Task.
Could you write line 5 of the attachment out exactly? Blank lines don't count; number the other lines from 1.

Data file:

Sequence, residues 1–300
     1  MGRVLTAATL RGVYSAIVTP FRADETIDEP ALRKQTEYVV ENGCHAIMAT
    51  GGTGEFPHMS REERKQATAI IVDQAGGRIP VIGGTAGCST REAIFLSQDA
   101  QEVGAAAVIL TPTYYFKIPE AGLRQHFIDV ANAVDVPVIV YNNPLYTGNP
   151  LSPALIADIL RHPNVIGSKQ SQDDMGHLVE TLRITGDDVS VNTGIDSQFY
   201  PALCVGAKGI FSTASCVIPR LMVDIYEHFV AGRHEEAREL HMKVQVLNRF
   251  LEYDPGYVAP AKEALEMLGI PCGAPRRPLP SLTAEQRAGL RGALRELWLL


   151  LSPALIADIL RHPNVIGSKQ SQDDMGHLVE TLRITGDDVS VNTGIDSQFY